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The brain has the greatest cluster of neurons in the entire body.

A tiny slice
of brain tissue the size of a grain of sand contains about 100,000 neurons.
They are packed so tightly that a pebble-sized chunk of tissue from the human
brain contains about two miles of neuron material. Your entire brain contains
some 100 billion neurons, each one a fraction of a millimeter in size. To give y
ou
an idea of how many neurons this is, if you were to count to 100 billion, second
by second, you would be counting for nearly 3,171 years. If you could stack 100
billion pieces of paper, the stack would be 5,000 miles high-the distance from
Los Angeles to London.
Other neurons are much longer than the nerve cells in the brain. Some neurons
extend from the brain down the spinal cord and run up to three feet in length.
Even though neurons vary in length, they essentially function in the same manner
.
To illustrate a few of the roles that neurons play in your life, imagine that it
is morning, and you are planning the day ahead. As your brain pieces together
ideas of what you will need to do during portions of your day, neurons transmit
electrochemical information to and from various parts of your brain. Sensory
neurons send information to your brain not only about your external surroundings
via sight, hearing, smell, taste, touch, and pressure-but also about your
internal environment, including sensations of hunger, thirst, pain, temperature,
and so on. Once you decide to get up and take action, motor neurons send electro
chemical
impulses from the brain through the spinal cord to the body,
matching your movements with the mental plan you constructed.
NEURONS AND THE NERVOUS SYSTEM 75
The general method of communication between neurons is the same in all
human beings. However, nerve cells are organized in networks or patterns that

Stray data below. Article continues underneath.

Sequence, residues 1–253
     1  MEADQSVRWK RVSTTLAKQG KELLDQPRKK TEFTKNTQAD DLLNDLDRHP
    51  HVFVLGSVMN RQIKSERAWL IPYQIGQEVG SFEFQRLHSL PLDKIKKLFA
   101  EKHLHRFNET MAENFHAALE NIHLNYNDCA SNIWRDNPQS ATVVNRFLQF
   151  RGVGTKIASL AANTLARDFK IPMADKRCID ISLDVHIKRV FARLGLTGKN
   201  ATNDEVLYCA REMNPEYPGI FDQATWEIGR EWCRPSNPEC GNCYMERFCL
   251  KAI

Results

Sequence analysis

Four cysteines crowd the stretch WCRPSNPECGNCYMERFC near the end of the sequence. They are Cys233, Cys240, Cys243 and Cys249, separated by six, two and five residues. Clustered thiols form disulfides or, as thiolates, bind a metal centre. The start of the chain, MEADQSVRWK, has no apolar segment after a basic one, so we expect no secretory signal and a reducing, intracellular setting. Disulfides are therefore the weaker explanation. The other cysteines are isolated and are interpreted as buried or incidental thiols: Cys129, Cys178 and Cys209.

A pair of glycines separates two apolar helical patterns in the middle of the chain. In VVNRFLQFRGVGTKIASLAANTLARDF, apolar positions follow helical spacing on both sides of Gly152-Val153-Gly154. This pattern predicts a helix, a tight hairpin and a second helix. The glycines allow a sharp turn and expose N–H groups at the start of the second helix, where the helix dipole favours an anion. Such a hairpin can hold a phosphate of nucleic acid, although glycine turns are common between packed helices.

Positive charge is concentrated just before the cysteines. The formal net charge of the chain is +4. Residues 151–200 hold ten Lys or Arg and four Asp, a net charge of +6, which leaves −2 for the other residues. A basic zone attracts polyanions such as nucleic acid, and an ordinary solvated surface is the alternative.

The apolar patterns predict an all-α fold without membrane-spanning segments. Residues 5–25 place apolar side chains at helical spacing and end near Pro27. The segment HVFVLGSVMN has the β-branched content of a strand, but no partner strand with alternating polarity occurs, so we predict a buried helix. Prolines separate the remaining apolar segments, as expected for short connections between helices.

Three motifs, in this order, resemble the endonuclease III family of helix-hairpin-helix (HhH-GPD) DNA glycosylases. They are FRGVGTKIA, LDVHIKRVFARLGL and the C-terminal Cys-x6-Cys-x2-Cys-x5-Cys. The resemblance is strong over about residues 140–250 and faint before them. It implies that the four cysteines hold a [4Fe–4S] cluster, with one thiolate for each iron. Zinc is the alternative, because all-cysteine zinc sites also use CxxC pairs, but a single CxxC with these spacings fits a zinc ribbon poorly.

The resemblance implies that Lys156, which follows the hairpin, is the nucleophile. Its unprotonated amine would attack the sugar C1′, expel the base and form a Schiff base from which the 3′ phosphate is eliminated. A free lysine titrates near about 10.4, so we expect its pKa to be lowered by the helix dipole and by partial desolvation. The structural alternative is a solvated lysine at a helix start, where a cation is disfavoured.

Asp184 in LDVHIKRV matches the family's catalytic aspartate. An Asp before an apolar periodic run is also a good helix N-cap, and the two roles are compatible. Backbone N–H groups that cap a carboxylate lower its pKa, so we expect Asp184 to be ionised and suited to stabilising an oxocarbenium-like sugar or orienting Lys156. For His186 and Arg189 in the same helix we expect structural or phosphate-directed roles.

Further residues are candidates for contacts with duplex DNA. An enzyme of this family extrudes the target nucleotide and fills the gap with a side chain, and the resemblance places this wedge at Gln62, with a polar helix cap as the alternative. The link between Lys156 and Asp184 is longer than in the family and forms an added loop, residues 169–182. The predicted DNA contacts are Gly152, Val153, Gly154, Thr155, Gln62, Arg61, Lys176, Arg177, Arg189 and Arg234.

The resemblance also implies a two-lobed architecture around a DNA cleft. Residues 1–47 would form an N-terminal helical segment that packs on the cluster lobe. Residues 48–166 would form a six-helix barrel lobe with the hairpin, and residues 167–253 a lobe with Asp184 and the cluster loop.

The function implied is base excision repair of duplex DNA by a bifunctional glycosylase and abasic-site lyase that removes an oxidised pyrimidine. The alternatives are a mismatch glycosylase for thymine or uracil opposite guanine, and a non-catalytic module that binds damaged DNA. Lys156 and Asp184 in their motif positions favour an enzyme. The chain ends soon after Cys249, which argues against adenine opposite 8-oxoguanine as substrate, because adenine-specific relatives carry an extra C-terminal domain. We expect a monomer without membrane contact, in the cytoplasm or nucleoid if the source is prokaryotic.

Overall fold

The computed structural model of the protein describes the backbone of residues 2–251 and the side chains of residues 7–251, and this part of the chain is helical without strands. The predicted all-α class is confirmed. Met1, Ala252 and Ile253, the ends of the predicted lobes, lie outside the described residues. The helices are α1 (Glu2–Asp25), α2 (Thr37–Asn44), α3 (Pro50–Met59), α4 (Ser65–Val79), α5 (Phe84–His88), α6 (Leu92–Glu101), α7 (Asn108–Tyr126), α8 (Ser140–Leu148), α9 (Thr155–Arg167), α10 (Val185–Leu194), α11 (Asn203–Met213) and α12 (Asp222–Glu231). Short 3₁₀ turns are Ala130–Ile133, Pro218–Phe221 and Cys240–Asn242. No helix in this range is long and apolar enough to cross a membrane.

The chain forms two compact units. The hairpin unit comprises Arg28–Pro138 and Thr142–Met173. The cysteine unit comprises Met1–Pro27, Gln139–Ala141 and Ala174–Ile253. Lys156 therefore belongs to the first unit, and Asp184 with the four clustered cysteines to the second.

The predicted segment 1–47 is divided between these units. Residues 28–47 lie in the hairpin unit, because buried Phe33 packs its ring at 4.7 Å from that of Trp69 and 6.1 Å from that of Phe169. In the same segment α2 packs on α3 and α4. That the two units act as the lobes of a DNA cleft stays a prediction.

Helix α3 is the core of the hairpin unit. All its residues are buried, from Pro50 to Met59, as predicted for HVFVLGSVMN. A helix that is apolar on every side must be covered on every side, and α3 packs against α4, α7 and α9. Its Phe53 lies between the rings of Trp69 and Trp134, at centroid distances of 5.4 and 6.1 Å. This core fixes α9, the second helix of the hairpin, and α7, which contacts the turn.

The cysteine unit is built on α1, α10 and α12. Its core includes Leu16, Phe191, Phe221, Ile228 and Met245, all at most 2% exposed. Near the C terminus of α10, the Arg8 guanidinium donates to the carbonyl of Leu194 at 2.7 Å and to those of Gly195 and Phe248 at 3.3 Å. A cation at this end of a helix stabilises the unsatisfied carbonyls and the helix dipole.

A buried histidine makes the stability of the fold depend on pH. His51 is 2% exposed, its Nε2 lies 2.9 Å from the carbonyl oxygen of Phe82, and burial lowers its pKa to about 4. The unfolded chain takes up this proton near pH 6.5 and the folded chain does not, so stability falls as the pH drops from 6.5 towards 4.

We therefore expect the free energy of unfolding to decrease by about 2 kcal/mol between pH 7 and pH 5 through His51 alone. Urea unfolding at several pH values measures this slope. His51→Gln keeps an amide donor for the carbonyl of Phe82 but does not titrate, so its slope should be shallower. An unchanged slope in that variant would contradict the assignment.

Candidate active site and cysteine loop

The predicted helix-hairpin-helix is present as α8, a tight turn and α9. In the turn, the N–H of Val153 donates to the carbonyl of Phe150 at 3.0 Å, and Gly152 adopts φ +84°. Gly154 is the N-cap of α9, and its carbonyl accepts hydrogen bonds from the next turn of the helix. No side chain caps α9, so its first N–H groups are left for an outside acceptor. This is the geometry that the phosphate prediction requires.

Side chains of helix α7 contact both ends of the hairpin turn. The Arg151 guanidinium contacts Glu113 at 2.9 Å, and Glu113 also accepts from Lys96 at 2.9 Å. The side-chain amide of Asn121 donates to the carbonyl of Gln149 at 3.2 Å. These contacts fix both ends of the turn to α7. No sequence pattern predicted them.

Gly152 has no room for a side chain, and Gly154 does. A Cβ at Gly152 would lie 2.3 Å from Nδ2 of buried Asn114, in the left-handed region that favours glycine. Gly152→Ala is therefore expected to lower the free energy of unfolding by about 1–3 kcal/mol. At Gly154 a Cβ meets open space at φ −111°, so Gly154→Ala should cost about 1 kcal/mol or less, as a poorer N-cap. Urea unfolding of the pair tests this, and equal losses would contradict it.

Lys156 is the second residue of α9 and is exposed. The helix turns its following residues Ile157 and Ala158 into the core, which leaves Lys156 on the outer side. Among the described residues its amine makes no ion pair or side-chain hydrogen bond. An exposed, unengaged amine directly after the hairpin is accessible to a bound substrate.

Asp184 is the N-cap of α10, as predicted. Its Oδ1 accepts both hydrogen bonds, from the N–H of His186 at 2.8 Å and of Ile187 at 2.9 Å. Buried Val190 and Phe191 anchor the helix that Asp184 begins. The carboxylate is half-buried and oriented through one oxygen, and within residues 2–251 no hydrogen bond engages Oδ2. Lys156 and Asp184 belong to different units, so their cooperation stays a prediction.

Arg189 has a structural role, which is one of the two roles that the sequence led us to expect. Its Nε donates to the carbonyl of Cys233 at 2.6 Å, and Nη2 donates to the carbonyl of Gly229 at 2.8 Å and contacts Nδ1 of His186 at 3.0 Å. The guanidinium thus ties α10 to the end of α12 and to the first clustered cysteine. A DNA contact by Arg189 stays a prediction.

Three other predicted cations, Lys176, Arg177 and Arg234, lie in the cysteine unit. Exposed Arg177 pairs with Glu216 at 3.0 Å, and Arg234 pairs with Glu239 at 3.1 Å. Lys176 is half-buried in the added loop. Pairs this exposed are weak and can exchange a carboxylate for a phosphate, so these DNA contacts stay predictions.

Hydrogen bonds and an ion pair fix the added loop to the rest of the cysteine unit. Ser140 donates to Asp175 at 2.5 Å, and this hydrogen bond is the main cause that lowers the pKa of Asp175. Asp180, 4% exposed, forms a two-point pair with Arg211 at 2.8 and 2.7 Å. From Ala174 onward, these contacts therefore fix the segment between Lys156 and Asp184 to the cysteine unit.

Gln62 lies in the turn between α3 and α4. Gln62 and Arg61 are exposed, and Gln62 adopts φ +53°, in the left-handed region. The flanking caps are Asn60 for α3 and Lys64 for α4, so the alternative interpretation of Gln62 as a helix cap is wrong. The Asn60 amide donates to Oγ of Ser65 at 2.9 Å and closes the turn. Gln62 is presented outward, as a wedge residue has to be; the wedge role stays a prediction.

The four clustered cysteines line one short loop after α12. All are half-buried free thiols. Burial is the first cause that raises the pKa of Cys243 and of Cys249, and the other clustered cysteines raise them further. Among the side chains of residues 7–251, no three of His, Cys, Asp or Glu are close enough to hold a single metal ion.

shape individual behavior. These neural networks give us those unique difference
s
we all possess.
Components of the Neuron 'Tree"
A typical nerve cell resembles a leafless oak tree in winter (some neurons
look more like this than others). At the part of the ((tree" where the large
branches converge inward toward the trunk, we find the nucleus or cell body of
the neuron.
The nerve cell nucleus, like the nuclei of all other cells, contains genetic
information called DNA, which directs the manufacture of proteins necessary for
the structure and function of the cell. The DNA in our nerve cells is almost the
same as the DNA of any other cell in our body (except for red blood cells, which
do not contain DNA). What differentiates one type of cell from another is the
active expression of just a few particular genes. When a cell expresses a gene,
it
makes a specific protein that is related to a specific function. For example, a
muscle cell will create specific muscle proteins that make up the structure of o
ur
muscle tissue. So what makes a particular cell a nerve cell is that it expresses
a
DNA sequence that differs slightly from that of a muscle cell or skin cell.